February 2015

Introduction to this Issue – Global Acequia Landscapes: Culturally Green


New Mexico Acequias return to these pages to take their place of honor in a Global Heritage of traditional communities, which have made the arid zones of our planet bloom. If you encounter a verdant landscape in New Mexico, chances are you have entered an Acequia Landscape, which is “culturally green” since water is so scarce. International activists, scholars and irrigators have joined us again to celebrate the spirit of Enduring Acequias: Wisdom of the Land, Knowledge of the Water as the late Juan Estévan Arellano so aptly captured it in the title of his last book. We dedicate this issue to his legacy of tireless advocacy and creativity, the qualities it takes to defend the resources of Acequia Culture from the challenges of climate change and rampant development.


Last September, a sizeable New Mexico contingent traveled to Valencia, Spain to witness an unprecedented event, the Hermanamiento or Ceremony of Brotherhood, to symbolically reunite us with the taproot of acequia traditions. For resounding successes over 25 years in grassroots organizing, state legislation and favorable judicial rulings, the New Mexico Acequia Association was awarded the Medal of Honor of the Tribunal de las Aguas de Valencia, the oldest water court in the world, in continuous operation since the 10th century.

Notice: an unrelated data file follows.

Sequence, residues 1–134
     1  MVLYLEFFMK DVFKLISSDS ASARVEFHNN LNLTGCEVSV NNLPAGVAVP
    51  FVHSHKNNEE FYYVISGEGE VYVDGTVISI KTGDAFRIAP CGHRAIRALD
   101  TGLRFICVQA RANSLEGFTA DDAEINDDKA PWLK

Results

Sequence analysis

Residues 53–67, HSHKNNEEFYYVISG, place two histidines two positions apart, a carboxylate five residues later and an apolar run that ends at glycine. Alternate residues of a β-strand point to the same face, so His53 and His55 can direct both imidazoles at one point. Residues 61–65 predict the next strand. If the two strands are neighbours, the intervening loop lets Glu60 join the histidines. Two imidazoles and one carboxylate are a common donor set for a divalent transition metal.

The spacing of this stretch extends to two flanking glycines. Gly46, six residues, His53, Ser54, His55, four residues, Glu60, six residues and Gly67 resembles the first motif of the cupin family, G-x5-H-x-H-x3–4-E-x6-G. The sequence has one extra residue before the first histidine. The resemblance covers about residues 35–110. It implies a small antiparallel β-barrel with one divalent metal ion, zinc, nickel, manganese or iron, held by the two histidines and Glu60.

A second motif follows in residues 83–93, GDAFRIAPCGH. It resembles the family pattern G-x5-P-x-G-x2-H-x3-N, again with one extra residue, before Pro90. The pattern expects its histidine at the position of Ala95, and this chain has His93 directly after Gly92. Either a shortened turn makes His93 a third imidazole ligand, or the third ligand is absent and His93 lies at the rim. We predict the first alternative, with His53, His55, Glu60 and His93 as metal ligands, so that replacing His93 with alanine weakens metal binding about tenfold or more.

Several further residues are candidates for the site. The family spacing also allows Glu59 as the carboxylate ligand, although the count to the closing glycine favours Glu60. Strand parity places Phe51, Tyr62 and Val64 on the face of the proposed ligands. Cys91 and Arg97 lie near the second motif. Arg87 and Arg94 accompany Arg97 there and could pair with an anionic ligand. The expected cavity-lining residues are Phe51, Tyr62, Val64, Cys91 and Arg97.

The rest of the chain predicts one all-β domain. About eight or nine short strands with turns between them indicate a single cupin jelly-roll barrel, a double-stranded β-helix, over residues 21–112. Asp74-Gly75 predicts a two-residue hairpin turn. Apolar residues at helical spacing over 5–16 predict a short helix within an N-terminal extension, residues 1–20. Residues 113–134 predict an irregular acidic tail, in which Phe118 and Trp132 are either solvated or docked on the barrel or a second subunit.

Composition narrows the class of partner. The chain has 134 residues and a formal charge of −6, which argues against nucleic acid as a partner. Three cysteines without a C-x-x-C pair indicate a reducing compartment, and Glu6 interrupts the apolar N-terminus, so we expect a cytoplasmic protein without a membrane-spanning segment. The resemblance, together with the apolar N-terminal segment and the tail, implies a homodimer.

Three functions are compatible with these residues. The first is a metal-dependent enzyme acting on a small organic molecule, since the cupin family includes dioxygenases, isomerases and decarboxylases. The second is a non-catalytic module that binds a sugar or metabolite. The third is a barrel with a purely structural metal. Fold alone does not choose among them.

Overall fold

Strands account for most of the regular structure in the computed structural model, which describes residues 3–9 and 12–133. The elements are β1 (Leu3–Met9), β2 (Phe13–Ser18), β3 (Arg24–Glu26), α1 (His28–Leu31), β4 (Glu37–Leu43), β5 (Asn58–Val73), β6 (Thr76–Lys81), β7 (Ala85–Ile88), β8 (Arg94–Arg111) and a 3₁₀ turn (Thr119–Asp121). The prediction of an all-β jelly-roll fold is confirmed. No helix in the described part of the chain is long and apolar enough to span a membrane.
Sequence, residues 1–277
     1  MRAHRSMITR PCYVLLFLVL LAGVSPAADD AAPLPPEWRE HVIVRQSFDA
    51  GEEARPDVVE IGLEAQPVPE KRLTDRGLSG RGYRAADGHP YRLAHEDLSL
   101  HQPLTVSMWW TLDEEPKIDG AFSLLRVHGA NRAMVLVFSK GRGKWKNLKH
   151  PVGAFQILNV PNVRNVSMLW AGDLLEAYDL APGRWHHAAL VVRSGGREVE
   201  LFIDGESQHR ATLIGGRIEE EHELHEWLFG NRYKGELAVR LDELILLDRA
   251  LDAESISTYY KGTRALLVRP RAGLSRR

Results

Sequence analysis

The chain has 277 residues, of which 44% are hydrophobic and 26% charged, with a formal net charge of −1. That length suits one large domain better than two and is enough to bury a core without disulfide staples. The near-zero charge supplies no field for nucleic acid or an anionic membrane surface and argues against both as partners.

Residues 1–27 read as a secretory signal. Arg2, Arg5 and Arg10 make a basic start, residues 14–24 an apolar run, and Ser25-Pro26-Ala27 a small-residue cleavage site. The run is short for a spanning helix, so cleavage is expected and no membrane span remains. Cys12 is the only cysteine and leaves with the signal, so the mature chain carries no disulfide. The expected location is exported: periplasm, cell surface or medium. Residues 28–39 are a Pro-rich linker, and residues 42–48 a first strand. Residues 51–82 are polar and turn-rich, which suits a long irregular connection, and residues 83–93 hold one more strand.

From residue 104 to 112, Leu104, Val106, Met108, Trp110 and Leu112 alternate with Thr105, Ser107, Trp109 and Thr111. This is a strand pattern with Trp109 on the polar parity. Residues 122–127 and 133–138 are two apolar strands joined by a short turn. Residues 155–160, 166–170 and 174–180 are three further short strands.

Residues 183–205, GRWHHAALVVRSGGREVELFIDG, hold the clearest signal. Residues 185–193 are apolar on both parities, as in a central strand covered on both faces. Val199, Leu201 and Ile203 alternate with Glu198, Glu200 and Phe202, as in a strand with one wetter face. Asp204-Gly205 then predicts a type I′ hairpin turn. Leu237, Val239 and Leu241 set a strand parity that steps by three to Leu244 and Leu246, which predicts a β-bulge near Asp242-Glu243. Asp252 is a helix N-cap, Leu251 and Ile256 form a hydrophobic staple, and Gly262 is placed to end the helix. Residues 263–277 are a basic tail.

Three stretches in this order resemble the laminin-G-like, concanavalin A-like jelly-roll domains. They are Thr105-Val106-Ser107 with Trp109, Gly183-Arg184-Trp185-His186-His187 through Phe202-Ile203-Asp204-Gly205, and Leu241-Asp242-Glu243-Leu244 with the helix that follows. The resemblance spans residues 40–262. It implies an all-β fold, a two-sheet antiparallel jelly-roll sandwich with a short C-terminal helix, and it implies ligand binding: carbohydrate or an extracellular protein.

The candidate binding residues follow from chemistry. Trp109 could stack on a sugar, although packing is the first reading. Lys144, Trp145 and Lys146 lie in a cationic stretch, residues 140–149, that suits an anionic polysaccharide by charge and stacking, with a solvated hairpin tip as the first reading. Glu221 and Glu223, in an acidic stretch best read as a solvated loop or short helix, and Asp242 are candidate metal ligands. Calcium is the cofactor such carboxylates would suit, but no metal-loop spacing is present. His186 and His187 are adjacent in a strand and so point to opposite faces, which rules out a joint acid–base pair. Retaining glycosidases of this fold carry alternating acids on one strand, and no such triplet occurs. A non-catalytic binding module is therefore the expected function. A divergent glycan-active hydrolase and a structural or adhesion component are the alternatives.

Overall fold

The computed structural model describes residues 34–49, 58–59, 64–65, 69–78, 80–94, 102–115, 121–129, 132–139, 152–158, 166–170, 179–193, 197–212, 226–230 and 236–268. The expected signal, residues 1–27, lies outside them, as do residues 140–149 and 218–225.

We visited acequia heritage sites across southern Spain before the symposium at the Universitat Politécnica de Valéncia (papers at http://tglick-irrigation-2014.org/en/publication/papers/). We add our own road stories to the observations of colleagues on New Mexico Acequias as Cultural Heritage of Humanity.


– Armando Lamadrid and Enrique Lamadrid, Guest Editors




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